Top critical review
Amazing idea, less than perfect execution
Reviewed in the United States on March 10, 2019
I waited for this one for so long, pre ordered it months before it came out.
Having read "The Alice Network" by the same author (actually my first but not last Kate Quinn book), i expected a more thrilling and fast paced read.
I absolutly adored "The Alice Network" because of it's two storylines told from flawed but interesting characters (read this book immediatly if you haven't read it already, it's a gem).
However, this book left me debating it's cons rather than pros.
The book is told from 3 points of view (Nina, Ian, Jordan), and their sections were no even in holding my interest.
The book is a mixed bag, with good and bad aspects to consider:
1. The book is so very long- A decent editorial work would have left out about 100 pages without omitting anything significant from the plot.
2. One of the main characters, Nina, is so coarse and cartoonish (and foul mouthed) that she is not beliveably portrayed.
I don't know how many Russian people have the author met, but i'm pretty sure that this one would stand out even among the most boorish Russian crowds ever gathered.
3. The character of Ian is so prim and proper, that his part of the story is simply not captivating enough.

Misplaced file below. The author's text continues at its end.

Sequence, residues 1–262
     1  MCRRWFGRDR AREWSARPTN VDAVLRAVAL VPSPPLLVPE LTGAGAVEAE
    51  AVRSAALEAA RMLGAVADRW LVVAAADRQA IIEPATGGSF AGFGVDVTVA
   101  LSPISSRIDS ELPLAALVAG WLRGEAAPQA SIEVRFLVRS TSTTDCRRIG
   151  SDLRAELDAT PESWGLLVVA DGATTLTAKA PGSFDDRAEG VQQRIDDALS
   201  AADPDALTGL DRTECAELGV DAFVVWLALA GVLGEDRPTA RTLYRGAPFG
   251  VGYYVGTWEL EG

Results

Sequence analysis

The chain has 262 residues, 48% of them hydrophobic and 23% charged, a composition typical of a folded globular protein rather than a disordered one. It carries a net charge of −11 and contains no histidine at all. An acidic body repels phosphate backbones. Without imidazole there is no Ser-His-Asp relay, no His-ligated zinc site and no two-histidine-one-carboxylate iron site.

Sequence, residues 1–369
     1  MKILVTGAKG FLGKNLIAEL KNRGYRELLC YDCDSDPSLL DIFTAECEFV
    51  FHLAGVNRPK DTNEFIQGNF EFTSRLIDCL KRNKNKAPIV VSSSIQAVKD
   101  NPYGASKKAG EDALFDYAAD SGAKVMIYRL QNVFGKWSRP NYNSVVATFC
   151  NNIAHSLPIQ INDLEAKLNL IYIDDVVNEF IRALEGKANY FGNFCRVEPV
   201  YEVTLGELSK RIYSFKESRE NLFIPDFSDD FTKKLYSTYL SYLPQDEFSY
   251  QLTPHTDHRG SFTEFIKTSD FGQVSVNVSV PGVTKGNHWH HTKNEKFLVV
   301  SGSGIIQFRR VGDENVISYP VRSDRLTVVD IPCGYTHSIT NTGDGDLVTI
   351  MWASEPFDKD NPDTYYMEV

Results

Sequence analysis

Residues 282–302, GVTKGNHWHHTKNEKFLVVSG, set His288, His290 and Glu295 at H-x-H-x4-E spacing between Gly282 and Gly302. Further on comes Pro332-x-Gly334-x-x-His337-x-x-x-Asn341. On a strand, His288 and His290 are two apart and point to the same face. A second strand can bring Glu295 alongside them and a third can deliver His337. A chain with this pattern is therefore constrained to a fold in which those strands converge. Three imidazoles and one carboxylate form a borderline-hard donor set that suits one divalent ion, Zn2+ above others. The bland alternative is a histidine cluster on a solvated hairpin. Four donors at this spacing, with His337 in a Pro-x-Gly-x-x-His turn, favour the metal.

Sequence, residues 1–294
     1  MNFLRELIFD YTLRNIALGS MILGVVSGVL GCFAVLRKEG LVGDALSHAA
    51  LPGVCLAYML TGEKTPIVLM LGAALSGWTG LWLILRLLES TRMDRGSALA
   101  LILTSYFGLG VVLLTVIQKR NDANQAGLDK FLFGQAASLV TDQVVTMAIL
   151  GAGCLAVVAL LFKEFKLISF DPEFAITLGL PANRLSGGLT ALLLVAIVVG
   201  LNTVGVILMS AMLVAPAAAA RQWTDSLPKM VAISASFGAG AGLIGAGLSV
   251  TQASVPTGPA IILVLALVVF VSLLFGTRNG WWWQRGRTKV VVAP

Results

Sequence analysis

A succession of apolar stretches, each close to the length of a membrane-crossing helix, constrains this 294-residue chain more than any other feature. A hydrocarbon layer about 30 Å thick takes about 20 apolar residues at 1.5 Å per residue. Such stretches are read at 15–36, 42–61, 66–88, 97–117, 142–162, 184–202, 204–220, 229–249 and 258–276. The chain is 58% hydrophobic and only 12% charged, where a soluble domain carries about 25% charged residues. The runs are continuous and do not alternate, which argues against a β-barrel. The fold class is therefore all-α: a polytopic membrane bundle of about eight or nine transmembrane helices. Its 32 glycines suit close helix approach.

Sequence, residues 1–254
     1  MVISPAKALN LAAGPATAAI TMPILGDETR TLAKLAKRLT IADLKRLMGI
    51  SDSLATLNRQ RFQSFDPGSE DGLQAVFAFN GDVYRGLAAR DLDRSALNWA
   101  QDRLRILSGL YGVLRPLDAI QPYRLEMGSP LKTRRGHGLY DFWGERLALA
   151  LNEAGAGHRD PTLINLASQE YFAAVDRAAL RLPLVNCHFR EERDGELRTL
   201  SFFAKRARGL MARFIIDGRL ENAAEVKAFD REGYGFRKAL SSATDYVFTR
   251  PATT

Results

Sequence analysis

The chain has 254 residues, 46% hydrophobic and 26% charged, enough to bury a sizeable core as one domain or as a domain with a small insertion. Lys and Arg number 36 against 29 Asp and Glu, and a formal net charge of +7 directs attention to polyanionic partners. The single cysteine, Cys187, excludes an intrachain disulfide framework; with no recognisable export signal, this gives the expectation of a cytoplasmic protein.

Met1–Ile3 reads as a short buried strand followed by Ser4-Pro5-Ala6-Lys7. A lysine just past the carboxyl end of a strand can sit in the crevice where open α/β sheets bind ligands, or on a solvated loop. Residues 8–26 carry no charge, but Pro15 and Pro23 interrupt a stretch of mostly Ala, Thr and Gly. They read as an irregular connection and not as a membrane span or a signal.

1. The amount of research that went into this is probably staggering considering the difficult topic of the Night Witches the author chose to deal with. There are not many books translated from the Russian language, so finding documents, books etc. was probably very difficult.
2. The character of Jordan is very refreshing, as she is a modern woman struggling against social conventions and trying to seize control of her life following many dissapointments.
3. The LGBT topic is raised as part of the plot line, and interwoven in a clever way in the plot. I will not reveal how or between whom, but it adds a significant layer to the plot.
So, overall a good book for those interested in the Night Witches, hunt of war criminals in the U.S after the war, but misses the mark for those interested in more developed characters.